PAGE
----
The folklore of a nation is a transient thing, often passed by word-of-mouth from generation to generation. It is most definitely the sum of its parts, every area having its own distinct tales. In Ireland, folklore is based around townlands (small areas encompassing a few farms), villages, towns, cities or counties.
Folklore is an important part of a nation's identity, and this is why, together with language, art, music, and religion, it has often been oppressed by invading nations and during occupation. Such is the case in Ireland. During the British occupation all of these were suppressed, and some were banned entirely.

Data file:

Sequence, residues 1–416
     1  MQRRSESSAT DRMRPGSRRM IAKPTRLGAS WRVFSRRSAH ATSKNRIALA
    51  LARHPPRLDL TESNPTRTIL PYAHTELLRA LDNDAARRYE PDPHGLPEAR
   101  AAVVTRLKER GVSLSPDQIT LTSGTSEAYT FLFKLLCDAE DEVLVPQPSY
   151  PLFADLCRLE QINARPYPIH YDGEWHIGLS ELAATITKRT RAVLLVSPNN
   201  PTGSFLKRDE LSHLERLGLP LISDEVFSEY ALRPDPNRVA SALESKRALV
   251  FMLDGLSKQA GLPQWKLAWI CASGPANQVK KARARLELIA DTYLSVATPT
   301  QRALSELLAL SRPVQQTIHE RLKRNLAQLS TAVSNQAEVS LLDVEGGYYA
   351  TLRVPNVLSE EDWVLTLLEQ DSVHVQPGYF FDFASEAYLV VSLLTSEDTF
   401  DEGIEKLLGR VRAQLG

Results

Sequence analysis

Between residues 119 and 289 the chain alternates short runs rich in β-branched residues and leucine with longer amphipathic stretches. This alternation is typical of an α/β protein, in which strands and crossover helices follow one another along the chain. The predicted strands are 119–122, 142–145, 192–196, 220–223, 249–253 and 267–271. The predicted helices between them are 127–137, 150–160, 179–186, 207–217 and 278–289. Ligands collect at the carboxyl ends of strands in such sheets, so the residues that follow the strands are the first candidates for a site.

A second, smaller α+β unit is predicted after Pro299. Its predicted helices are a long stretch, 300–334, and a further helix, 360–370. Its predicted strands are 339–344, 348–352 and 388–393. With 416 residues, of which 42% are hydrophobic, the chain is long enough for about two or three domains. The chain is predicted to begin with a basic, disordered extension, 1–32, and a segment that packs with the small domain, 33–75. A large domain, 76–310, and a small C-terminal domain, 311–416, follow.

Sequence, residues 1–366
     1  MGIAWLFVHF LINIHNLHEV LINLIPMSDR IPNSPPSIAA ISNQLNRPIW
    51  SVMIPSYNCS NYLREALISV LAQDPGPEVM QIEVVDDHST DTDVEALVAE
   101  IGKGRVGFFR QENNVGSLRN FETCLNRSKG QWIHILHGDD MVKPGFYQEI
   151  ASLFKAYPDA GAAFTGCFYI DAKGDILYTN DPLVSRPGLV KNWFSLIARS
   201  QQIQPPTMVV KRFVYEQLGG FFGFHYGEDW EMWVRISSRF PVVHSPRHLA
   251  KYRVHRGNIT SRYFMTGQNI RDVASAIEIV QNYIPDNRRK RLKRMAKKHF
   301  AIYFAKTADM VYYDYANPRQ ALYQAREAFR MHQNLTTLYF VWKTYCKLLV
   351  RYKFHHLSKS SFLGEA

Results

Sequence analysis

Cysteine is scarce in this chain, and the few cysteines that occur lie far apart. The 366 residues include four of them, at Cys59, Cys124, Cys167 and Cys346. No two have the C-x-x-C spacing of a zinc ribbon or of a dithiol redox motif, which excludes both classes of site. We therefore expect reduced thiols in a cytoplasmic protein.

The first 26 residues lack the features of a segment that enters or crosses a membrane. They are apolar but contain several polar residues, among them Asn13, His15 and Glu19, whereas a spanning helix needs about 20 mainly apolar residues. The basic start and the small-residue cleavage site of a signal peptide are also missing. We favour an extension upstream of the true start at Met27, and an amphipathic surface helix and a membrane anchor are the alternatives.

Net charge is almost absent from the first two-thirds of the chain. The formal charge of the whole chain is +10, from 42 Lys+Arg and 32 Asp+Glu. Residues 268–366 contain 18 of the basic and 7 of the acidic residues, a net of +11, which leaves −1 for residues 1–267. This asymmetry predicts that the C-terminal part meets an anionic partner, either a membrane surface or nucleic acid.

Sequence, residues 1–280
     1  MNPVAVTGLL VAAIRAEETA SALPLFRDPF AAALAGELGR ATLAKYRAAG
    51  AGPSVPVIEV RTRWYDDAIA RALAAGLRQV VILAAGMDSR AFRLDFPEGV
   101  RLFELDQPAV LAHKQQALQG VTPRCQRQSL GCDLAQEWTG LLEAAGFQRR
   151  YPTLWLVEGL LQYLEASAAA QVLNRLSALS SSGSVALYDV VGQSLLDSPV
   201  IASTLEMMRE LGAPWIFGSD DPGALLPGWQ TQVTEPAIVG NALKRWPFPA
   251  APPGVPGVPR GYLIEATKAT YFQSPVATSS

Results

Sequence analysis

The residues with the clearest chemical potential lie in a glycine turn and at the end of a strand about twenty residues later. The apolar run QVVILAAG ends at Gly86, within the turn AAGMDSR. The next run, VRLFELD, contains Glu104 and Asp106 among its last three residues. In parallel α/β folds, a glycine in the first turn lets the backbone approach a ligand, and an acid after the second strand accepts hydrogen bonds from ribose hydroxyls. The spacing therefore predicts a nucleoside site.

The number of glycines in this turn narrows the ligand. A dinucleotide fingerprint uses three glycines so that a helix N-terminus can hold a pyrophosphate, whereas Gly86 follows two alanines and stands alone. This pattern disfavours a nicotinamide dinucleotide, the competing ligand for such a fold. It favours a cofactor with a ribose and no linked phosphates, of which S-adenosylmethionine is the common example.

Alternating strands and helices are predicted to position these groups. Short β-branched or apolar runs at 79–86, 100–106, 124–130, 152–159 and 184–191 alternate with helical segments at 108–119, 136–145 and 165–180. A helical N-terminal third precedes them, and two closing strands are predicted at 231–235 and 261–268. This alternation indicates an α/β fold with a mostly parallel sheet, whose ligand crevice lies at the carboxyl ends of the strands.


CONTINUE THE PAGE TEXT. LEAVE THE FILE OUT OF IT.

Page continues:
After independence and the subsequent civil war (a common feature of a liberated country), the Republic of Ireland formed it's first national government. Recognising that the country's transient heritage was at risk of total loss, a commission was established to gather the nation's folklore. Here, perhaps, this story takes it's most inspired turn for it was the nation's children who were charged with the collection of stories, histories, songs, and all aspects of the old and dying national life; and they grabbed the baton and ran with it. The 'Rescued Folklore' series brings these stories to light for the first time in eighty years.